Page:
to its traditional melody (Example 11), as it is also done on Rosh Hashanah. 41
& # # 4
& # #
Allegretto (q = 88)
j œ œ œœ œ œ œ _
œ œœœ œ œ œœ œ œ œœœ œ œ œ œ
œ œ œ œœ œ œ œ
L’-ma - an kha e - lo - hai, r’ - tseih am l’ - kha sha- _ har l’ _ hal - lot
œ œ œ œ œ œ œ œ œ œ œ œ œ œ œ œ œ œ
37 “Before Thee, O lord, is all my desire” a poem by Yehudah Halevi; it does not
have a refrain.
pa - ne - kha b’ - ma - a - mad ha - sha - har, a -do
& # “Take pity on him,” sung as in No. 70 of The Ancient Melodies, Raheim na
alav. œ œ œ œ œ œ œ œ œ œ œ œ œ ˙
nai“Radiant hak - shi
al t’ - a
name is given twice in a name acrostic: Sh’lomoh hak-katan (“Solomon the insignificant”).
40 “For Your sake, my God”; words (p. 296, attributed to David ben Pekuda)
and music (p. 96, standard among Eastern Sephardim) appear in Antología de
Liturgia Judeo-Español, Vol. II, Yamim nora’im, Isaac Levy, ed., Jerusalem: Ministry
of Education and Culture, 1966.
41 L’ma’ankha is the only piyyut having a firm and long established place in the
liturgy for both Rosh Hashanah and Yom Kippur. It is included in all the old prayer
books I was able to locate, including the first one known to have been printed in
Spain, the Mahzor l’yom ha-kippurim (Puebla da Montalban: 1480), in the collection
of the Jewish Theological Seminary in New York.
Allegretto (q = 88)
& # # 4 œ
j œ œ œœ œ œ œ œ œœœ œ œ œœ œ œ œœœ œ œ œ œ
& # #
& # #
L’-ma - an kha e - lo - hai, r’ - tseih am l’ - kha sha- har l’ hal - lot
- ne - kha b’ - ma - a - mad ha - sha - _ har, a -do
nai hak - shi - vah va - a - seih, al t’ - a - _ har.
œ œ œ œœ œ œ œ
œ œ œ œ œ œ œ œ œ œ œ œ œ œ œ œ œ œ
œ œ œ œ œ œ œ œ œ œ œ œ œ ˙
Example 11. L’ma’ankha elohai, as given in Aguilar.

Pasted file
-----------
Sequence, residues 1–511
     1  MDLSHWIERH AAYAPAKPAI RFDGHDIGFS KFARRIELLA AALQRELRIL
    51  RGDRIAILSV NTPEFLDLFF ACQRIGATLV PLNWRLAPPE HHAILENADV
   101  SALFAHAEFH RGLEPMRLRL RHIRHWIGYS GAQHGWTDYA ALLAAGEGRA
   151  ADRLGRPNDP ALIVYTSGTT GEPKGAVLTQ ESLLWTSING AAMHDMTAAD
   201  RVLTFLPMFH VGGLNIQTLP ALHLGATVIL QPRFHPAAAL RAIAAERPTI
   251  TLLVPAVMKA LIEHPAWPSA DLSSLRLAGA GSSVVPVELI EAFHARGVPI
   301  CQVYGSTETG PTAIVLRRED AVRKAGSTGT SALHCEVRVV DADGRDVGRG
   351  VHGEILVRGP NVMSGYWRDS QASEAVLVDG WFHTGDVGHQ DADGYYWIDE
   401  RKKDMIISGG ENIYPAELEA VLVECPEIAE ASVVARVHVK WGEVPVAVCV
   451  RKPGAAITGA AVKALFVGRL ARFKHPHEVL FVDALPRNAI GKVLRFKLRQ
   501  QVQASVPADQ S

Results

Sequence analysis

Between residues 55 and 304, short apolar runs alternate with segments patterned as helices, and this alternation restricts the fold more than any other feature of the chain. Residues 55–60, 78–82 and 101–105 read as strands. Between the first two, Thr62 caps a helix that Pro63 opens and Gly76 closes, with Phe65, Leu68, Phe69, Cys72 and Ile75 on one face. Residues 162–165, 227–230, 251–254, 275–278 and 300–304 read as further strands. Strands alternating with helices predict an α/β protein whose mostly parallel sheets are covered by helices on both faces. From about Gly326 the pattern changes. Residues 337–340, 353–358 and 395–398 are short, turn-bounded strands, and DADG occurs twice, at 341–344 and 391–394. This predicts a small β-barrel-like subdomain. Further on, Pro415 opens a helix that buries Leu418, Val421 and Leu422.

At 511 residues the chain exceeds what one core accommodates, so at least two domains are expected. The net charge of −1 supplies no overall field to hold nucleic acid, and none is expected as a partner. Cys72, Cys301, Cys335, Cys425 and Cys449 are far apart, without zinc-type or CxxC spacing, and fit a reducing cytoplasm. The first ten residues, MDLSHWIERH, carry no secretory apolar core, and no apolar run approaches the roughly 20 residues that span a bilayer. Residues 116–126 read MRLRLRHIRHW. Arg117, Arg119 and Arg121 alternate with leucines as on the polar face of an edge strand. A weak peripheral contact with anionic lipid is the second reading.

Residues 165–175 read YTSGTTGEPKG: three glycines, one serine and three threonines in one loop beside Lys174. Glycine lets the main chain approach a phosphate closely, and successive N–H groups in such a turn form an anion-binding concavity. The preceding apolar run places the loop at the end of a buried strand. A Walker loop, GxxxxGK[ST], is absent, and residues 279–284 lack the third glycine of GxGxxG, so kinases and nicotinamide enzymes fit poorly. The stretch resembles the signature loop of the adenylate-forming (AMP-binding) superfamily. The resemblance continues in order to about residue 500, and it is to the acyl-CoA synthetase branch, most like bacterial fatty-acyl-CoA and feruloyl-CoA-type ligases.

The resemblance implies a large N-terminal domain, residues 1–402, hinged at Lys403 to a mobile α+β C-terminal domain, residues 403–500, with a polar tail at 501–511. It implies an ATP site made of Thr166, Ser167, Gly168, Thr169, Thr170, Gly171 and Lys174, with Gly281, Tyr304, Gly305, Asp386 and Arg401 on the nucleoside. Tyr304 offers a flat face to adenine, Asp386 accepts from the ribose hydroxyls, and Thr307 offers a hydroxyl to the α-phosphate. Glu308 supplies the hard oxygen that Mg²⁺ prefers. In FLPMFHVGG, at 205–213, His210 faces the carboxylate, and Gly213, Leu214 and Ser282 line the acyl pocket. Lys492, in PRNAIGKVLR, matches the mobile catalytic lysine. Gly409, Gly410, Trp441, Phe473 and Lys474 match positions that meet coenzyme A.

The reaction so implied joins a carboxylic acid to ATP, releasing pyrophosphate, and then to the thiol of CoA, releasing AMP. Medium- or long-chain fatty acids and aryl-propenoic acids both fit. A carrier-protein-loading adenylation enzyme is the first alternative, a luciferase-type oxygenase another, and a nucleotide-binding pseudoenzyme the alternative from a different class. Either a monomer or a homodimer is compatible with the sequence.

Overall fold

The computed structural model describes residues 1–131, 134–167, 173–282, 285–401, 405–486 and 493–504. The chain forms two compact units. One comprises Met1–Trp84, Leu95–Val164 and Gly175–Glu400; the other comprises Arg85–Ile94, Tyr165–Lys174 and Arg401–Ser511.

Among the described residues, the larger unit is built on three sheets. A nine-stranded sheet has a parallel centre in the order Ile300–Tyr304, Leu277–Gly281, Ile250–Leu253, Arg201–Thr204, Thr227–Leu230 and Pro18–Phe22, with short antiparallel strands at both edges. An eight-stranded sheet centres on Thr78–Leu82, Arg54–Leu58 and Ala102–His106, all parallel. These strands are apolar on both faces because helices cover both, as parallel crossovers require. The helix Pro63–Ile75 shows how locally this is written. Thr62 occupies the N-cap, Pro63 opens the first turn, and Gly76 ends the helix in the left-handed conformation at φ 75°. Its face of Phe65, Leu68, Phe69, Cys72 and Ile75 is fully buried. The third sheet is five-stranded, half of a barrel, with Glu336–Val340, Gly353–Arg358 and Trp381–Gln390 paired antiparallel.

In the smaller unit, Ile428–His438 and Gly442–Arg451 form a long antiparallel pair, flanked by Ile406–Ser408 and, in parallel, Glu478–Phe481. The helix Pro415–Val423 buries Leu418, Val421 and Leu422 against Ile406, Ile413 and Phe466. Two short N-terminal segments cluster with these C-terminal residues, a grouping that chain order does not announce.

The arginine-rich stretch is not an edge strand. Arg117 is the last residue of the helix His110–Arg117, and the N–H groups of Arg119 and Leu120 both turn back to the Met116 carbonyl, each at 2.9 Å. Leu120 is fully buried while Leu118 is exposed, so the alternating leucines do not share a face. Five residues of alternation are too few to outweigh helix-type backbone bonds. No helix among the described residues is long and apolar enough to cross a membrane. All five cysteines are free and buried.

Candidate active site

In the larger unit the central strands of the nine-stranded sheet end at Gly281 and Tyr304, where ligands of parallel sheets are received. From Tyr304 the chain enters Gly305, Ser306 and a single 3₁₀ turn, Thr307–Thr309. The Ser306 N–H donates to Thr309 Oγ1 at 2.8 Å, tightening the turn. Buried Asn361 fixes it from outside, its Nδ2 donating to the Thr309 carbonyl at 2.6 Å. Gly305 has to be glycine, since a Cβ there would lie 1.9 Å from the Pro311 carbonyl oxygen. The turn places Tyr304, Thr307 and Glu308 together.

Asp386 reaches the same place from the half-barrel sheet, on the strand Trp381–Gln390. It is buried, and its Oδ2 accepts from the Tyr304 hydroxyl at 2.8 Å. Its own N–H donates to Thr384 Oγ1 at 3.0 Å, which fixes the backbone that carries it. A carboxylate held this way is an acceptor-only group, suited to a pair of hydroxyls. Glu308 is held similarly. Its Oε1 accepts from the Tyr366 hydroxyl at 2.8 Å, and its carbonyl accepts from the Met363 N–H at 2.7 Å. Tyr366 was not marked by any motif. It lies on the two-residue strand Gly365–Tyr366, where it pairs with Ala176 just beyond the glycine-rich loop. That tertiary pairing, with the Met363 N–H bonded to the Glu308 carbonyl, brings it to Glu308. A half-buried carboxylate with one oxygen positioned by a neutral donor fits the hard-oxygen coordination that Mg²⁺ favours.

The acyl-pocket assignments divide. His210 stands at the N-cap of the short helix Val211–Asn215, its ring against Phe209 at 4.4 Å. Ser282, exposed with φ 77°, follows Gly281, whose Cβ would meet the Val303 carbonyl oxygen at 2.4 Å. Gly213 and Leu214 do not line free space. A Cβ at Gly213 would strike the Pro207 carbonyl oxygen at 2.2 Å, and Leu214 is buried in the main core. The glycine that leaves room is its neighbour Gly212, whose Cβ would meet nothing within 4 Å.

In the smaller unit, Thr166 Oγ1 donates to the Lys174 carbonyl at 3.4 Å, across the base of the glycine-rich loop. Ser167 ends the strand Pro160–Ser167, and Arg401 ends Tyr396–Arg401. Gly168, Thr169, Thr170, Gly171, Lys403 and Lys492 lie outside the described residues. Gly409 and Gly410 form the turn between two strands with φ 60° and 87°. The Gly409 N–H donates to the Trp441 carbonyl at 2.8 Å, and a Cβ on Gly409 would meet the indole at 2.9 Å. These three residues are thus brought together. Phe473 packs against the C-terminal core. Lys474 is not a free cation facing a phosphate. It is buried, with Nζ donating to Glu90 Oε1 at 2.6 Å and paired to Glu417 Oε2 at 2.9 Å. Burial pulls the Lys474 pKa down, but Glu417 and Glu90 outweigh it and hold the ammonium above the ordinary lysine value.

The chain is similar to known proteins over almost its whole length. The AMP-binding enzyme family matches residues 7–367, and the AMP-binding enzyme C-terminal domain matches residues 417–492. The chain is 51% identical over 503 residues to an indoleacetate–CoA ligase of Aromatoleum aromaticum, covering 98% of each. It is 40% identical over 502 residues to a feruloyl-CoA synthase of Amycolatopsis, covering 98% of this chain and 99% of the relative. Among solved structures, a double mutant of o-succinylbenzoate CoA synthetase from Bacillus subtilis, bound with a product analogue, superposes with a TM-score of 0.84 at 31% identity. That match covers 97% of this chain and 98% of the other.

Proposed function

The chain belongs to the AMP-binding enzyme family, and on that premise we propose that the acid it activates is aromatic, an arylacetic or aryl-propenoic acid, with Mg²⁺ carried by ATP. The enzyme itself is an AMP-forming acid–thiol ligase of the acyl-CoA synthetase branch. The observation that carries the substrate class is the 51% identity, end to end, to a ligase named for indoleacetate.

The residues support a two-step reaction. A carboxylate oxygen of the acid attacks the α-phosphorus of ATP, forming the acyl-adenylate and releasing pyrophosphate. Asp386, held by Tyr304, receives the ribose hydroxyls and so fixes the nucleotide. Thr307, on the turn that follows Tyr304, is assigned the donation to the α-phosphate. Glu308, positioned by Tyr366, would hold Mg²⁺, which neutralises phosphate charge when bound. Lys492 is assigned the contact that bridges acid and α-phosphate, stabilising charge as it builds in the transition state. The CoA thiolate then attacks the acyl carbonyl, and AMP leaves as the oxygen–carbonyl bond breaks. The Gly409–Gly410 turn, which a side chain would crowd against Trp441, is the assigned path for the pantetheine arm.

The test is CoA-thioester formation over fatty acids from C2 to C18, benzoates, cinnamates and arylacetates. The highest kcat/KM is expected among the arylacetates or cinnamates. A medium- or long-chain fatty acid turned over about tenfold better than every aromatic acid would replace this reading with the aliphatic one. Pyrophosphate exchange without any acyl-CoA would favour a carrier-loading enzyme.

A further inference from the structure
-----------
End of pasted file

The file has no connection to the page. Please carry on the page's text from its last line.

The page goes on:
Compared to the Ashkenazic and Italian rituals, the Musaf insertions
or piyyutim in the Sephardic ritual are relatively few in number. Bimromei
erets, 42 a hymn to introduce the K’dushah, is sung to the melody of Adonai
b’kol shofar and later, that melody–or the one for Ahot k’tannah–is used as
well for Keter (opening of the Sephardic K’dushah for Musaf). 43
Several superb piyyutim in the Avodah section (the hazzan’s re-enactment
of the ancient Temple’s Priestly Atonement ritual) of Musaf are no longer
sung. However, the final poetic insertion in this service, Shameim har tsiyon, 44
is sung to the L’ma’ankha adonai b’kol melody in all Sephardic communities.
After repetition of the T’fillah, the piyyut Yisrael avadekha, 45 sung to the
Yah shimkha tune, introduces the Musaf Forgiveness (S’lihot) section, after
which Musaf concludes with Ein keiloheinu and Adon olam, both sung to
the Yah shimkha tune.
Afternoon and Evening services on Kippur
In the T’fillah repetition during Minhah (the Afternoon service), the congregation
sings B’nei elyon 46 to the tune of Adonai b’kol shofar—as an introduction
to the K’dushah—which, in turn, is set to either the tune of Et sha’arei ratson
or that of Ahot k’tannah. The pizmon, Yah sh’ma evyonekha 47 (Example 12),
with its own traditional melody, introduces a section of s’lihot with which
42 “In the heavenly heights,” once thought to have been written by Halevi,
is now attributed to Joseph ibn Abitur. The second hymn which introduces the
K’dushah, Erets hitmot’tah (“Earth quivered and quaked”), is a genuine work of
Halevi’s, but it is no longer sung in the service.
43 In Shaharit and Minhah, the Sephardic K’dushah opens with “Nakdishakh
44 “The Mount of Zion deserted,” is a piyyut by ibn Gabirol.
45 “Israel, Thy servants” is a hymn of unknown authorship. The English congregations
sing this to the Adonai b’kol shofar melody.
46 “Angels on high,” by an anonymous poet.
47 “God, hear Your bereft ones,” an anonymously written piyyut.
the Minhah service closes. (No doubt the appearance of the “new” tune at
this point is a refreshing tonic to the ears of leitmotif-weary worshippers.)
& bb c
Moderato (q - 116)
Yah sh’ - ma ev - yo - ne - kha, ham - ha _ - lim pa - ne - kha, a-
œ œ œ œ œ œ œ œ ˙ œ œ œ œ œ œ œ œ ≈ œ R
& bb œ œ œ œ œ œ œ